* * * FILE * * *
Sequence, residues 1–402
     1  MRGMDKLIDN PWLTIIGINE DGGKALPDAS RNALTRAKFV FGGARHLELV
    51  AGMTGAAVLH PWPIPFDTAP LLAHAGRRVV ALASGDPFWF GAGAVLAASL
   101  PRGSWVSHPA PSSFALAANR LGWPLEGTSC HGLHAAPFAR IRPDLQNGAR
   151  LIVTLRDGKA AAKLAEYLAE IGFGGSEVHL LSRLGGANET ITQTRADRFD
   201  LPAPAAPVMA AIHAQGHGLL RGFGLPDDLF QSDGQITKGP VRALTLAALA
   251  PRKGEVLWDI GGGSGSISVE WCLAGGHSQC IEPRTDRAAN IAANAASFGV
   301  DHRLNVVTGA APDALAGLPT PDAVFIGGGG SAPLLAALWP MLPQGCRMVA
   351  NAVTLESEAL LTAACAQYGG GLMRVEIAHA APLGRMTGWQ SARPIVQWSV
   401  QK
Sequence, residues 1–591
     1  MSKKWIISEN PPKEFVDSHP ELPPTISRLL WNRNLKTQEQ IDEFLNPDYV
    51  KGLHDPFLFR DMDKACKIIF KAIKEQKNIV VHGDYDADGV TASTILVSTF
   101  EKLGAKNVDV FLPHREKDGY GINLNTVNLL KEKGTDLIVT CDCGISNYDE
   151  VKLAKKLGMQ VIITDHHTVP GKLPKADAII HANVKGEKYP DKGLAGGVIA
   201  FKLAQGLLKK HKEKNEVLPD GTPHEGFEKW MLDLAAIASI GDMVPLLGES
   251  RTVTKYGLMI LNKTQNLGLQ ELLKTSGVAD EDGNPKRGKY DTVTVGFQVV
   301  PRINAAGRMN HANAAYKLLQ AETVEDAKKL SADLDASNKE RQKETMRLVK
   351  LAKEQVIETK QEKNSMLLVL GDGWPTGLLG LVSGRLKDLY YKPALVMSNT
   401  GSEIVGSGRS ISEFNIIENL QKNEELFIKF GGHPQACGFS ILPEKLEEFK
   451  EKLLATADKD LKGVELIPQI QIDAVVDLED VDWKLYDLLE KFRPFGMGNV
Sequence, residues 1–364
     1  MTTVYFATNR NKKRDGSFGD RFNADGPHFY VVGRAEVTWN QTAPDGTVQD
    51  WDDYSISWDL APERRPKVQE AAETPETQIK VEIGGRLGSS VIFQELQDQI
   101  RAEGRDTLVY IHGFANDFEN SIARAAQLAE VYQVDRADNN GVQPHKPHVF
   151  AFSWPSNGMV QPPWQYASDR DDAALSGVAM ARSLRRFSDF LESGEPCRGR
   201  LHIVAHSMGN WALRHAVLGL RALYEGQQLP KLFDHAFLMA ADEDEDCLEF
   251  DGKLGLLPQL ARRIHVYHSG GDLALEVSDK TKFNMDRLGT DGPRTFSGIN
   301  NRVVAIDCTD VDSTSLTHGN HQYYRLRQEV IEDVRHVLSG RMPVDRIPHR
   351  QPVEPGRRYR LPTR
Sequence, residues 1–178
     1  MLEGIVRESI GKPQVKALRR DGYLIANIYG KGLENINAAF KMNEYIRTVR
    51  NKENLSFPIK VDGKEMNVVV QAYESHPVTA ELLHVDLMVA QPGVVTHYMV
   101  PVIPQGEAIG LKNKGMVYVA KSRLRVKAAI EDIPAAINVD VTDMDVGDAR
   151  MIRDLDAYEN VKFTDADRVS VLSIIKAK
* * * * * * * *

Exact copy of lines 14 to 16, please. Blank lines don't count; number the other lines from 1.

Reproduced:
   101  EKLGAKNVDV FLPHREKDGY GINLNTVNLL KEKGTDLIVT CDCGISNYDE
   151  VKLAKKLGMQ VIITDHHTVP GKLPKADAII HANVKGEKYP DKGLAGGVIA
   201  FKLAQGLLKK HKEKNEVLPD GTPHEGFEKW MLDLAAIASI GDMVPLLGES